A Rescue of Religion

Contemporary philosophy is a discipline in which religion hardly figures. A subject called philosophy of religion exists and has some devoted practitioners, but in the discipline as a whole inquiry into religion is a marginal activity. No doubt many circumstances have contributed to this state of affairs, some of them lying outside philosophy, but a part of the explanation lies in the recent history of the subject.

During the last century some of the most powerful currents in the discipline allied philosophy with scientific method. For the Vienna School of Moritz Schlick and Rudolf Carnap, whose work in the early decades of the twentieth century had a formative influence in Britain and the United States, the central concerns of philosophy were in logic and the theory of knowledge. Working in the British tradition of empiricism, Bertrand Russell reached a similar conclusion at around the same time. Scientific inquiry set the standards that must be met by all branches of thought that claim to embody knowledge. By clarifying scientific method and exhibiting its rationality, philosophers could join forces with the dominant intellectual enterprise of modern times. If philosophy had a future it was as an adjunct of science.

The type of philosophy that emerged from the convergence of Viennese positivism with British logical empiricism, sometimes described as the analytical tradition, was highly restrictive in scope. Ethics and aesthetics were relegated to the periphery of the subject, if not beyond, while about religion nothing was said. In some strands of this tradition it was asserted that the only meaningful questions were those that could, in principle, be settled by scientific methods. Since metaphysical questions do not fall into this category, they were judged meaningless.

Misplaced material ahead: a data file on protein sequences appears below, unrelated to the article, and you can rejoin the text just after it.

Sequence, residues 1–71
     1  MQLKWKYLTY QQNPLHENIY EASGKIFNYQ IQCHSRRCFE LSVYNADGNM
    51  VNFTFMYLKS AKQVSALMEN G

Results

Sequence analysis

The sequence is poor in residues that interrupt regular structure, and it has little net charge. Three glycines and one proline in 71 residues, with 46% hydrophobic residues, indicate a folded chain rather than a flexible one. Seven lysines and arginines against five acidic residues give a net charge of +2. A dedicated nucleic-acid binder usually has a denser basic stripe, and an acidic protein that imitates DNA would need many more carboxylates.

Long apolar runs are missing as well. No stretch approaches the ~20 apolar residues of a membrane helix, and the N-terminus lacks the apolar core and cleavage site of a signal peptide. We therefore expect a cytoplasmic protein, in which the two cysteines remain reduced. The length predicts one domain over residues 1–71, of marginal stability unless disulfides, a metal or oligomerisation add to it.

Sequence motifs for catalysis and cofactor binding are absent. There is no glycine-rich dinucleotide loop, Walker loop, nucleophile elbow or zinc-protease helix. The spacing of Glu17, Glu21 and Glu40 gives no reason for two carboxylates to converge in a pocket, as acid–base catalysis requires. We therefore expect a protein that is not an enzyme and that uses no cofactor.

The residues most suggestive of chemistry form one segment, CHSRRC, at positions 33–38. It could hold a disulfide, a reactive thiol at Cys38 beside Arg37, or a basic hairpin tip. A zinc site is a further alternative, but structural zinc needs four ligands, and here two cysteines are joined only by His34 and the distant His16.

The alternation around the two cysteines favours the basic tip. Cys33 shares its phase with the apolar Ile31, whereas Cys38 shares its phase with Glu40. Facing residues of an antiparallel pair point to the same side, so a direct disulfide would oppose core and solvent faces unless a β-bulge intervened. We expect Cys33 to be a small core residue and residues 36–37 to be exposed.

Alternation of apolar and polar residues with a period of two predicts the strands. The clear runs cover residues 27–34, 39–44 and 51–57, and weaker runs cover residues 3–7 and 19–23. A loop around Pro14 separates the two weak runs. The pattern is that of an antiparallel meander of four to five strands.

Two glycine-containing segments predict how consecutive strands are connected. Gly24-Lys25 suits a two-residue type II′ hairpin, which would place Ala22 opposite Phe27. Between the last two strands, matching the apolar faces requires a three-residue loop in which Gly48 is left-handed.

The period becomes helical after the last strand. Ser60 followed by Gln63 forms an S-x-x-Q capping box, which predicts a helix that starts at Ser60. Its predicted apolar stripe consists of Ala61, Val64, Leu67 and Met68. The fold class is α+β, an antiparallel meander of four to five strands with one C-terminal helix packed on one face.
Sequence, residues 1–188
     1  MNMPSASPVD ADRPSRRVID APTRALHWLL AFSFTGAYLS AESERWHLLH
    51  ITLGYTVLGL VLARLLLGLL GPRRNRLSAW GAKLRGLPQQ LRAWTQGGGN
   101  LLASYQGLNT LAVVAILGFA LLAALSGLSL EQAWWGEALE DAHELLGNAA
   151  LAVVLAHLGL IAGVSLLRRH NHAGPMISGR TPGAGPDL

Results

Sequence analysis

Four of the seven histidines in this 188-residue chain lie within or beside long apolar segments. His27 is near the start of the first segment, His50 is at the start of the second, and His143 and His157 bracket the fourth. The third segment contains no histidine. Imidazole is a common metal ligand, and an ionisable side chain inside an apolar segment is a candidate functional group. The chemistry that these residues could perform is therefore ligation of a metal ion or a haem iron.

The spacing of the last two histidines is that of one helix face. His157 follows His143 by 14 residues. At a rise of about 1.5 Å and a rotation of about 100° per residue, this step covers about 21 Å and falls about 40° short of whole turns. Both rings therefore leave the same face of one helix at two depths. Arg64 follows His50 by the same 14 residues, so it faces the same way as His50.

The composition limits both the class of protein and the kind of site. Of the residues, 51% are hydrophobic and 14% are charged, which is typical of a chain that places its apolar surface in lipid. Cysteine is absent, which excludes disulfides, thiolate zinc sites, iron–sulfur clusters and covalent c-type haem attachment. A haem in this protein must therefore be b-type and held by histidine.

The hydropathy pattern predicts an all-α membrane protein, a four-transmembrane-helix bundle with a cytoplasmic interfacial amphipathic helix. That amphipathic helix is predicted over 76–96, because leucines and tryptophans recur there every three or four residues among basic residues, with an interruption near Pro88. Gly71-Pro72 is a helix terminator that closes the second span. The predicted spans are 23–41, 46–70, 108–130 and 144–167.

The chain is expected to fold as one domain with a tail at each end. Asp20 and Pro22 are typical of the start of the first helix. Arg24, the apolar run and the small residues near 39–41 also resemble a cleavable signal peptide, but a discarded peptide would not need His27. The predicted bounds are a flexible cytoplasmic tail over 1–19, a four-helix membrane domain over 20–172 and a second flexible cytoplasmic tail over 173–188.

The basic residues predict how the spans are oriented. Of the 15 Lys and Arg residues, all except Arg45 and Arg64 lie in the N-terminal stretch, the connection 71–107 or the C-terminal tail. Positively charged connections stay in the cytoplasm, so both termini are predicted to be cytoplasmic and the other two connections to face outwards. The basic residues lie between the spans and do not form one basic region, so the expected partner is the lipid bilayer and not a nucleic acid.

As traditionally understood, metaphysics was the study of the kinds of things that exist in the world; but this was a type of inquiry that could not be disentangled from an attempt to establish some kind of ultimate ground for judgments of value. Metaphysics and religious apologetics have never been far apart. The question Why is there something and not nothing? is an example. Ostensibly an expression of puzzlement about the existence of anything at all, it has always been linked with questions about the place of human beings in the world. These are questions of the sort religions address, and many analytical philosophers have believed that religion is like metaphysics in being beyond rational discussion. Some have conceded that questions of the kind asked by religious believers may not be literally nonsensical; but because they remain unanswerable, it has been assumed that they are unworthy of serious attention.

Against this background it has been easy to conclude that religion has no place in philosophy. This is not a view confined to the various strands of the analytical tradition. Critics of that tradition have aimed to broaden the scope of philosophy, with some arguing that it has closer affinities with literature and the arts than with logic and science. A countermovement of this kind developed in the later …

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